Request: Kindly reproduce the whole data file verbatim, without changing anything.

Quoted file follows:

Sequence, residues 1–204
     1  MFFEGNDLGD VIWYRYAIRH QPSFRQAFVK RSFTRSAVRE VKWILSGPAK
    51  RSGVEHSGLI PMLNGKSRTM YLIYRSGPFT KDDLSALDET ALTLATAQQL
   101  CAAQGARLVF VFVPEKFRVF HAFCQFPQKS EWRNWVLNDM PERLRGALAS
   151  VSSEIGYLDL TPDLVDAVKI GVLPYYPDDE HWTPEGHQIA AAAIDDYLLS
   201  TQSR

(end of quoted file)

Sequence, residues 1–204
     1  MFFEGNDLGD VIWYRYAIRH QPSFRQAFVK RSFTRSAVRE VKWILSGPAK
    51  RSGVEHSGLI PMLNGKSRTM YLIYRSGPFT KDDLSALDET ALTLATAQQL
   101  CAAQGARLVF VFVPEKFRVF HAFCQFPQKS EWRNWVLNDM PERLRGALAS
   151  VSSEIGYLDL TPDLVDAVKI GVLPYYPDDE HWTPEGHQIA AAAIDDYLLS
   201  TQSR